This morning, the Senate banking committee voted 16 to 7 to reconfirm Ben Bernanke as the Chairman of the Federal Reserve. Now the full Senate must also agree that Bernanke should keep his job. I was watching a news show this morning that implied the Senate could balk and decide not to give the Fed chair a second term. That's just sensationalist banter, however. There's no way Bernanke's reconfirmation will fail.
Don't get me wrong: I think there are a fair number of Senators on both side of the aisle that do not like the job Bernanke has done. Some wish he'd anticipated the crisis better and taken more action sooner. Others think he hasn't done enough to help Main Street recover and reduce the very high unemployment rate. But it wouldn't be Washington without politics.
Let's look at the situation from each political party. First, would Democrats really spurn President Obama by rejecting his nomination? That would weaken the President's credibility in the eyes of the public. It would also make the party appear to be strongly divided. There's no way a majority of Democrats would let that happen.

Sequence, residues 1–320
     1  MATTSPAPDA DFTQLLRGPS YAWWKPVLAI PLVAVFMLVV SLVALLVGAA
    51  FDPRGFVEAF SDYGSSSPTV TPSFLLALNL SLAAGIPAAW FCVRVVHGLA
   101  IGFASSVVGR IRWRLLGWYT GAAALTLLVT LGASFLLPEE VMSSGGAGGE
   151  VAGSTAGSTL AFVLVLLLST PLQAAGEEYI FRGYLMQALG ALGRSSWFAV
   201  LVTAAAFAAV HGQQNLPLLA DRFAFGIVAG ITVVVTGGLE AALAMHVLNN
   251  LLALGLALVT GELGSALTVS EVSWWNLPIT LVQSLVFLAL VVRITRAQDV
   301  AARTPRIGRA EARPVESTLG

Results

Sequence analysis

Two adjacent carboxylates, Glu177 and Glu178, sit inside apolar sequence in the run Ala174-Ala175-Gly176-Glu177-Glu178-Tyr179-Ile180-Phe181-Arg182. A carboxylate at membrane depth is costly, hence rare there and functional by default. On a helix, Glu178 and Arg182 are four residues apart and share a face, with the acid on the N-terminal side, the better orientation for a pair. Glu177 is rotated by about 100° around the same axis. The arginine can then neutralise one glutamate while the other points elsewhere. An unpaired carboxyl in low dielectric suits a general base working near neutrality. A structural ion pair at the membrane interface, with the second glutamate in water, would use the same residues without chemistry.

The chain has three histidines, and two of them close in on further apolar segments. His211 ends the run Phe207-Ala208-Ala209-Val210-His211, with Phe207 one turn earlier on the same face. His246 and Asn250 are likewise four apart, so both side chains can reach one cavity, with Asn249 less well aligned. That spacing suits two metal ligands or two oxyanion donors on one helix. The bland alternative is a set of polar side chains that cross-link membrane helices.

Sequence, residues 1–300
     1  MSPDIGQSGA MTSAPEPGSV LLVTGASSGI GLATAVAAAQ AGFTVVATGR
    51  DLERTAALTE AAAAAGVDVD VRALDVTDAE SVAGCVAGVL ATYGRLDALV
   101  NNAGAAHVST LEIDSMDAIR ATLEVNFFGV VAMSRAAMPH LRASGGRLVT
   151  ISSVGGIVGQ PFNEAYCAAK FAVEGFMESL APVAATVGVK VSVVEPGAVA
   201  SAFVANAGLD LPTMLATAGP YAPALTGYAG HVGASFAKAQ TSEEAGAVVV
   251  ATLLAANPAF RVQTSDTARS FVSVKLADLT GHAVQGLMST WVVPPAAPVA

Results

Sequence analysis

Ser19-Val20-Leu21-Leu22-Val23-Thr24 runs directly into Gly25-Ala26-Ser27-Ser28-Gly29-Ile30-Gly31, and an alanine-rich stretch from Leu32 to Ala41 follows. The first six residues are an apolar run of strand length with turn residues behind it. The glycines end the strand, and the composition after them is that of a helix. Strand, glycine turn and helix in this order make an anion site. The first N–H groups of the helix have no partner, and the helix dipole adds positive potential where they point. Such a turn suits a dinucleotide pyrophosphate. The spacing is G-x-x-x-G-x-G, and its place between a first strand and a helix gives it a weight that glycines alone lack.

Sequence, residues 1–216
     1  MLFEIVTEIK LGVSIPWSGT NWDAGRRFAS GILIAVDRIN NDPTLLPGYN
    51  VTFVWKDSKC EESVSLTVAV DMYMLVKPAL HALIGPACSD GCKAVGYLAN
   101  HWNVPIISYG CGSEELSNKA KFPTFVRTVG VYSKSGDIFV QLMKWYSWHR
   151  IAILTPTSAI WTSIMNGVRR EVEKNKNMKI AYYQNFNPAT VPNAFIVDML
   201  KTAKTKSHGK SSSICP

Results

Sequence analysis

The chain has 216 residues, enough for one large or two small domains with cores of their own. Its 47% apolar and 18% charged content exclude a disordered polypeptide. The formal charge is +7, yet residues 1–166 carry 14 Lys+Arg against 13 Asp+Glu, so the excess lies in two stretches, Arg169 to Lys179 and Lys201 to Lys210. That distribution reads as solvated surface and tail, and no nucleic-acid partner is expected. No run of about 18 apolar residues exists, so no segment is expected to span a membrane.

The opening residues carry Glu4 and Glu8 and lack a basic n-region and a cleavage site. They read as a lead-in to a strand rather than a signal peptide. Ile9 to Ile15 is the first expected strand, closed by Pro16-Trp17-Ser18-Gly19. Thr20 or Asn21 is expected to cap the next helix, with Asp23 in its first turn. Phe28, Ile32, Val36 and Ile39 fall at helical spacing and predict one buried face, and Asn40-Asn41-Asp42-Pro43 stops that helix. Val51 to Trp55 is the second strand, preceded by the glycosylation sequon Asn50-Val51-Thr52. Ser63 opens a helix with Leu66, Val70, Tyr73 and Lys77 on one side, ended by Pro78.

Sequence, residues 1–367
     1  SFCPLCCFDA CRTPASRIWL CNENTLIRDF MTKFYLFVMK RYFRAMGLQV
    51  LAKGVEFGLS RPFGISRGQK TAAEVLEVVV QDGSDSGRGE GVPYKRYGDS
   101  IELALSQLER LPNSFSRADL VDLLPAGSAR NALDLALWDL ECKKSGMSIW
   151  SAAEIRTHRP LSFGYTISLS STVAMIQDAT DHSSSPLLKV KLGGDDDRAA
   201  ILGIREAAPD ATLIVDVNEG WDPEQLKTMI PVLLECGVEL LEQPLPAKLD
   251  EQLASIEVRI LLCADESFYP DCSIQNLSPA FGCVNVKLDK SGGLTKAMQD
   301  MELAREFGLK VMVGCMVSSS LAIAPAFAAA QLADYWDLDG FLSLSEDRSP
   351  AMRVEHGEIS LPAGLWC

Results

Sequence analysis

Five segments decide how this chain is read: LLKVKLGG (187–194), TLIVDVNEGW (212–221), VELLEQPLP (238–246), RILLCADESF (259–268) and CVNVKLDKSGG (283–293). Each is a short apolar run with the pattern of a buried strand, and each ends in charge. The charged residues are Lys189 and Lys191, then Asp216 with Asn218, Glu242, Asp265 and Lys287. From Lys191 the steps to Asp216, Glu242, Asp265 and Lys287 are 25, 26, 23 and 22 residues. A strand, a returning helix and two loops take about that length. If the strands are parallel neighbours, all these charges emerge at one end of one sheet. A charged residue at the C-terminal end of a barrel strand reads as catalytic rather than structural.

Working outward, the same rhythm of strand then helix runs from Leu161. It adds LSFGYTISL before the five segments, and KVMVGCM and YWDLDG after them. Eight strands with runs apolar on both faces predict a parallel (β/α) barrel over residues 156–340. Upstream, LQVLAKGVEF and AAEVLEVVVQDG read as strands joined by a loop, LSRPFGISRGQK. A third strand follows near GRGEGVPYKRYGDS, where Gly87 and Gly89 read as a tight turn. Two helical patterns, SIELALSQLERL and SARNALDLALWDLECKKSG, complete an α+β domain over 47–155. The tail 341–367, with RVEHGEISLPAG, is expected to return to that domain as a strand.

How about Republicans? They might love to stick one to Obama, right? Not under this circumstance. If they reject Bernanke, then Obama gets to pick someone new. Remember President George W. Bush appointed Bernanke, who identifies himself as a Republican. Do Republicans really believe they'll be happier with a different Obama pick than Bernanke? If they do, then they're kidding themselves. Deep down, they must believe they would be a lot better off with Bernanke than any alternative the President might suggest.
Those who vote against Bernanke will likely be fringe figures in either party who throw politics to the wind. That's a precious few, and certainly not enough to create a filibuster. So the next time you hear news pundits going on and on about how there's a chance that Bernanke might not get reappointed, you might as well turn down the volume, because they're talking nonsense.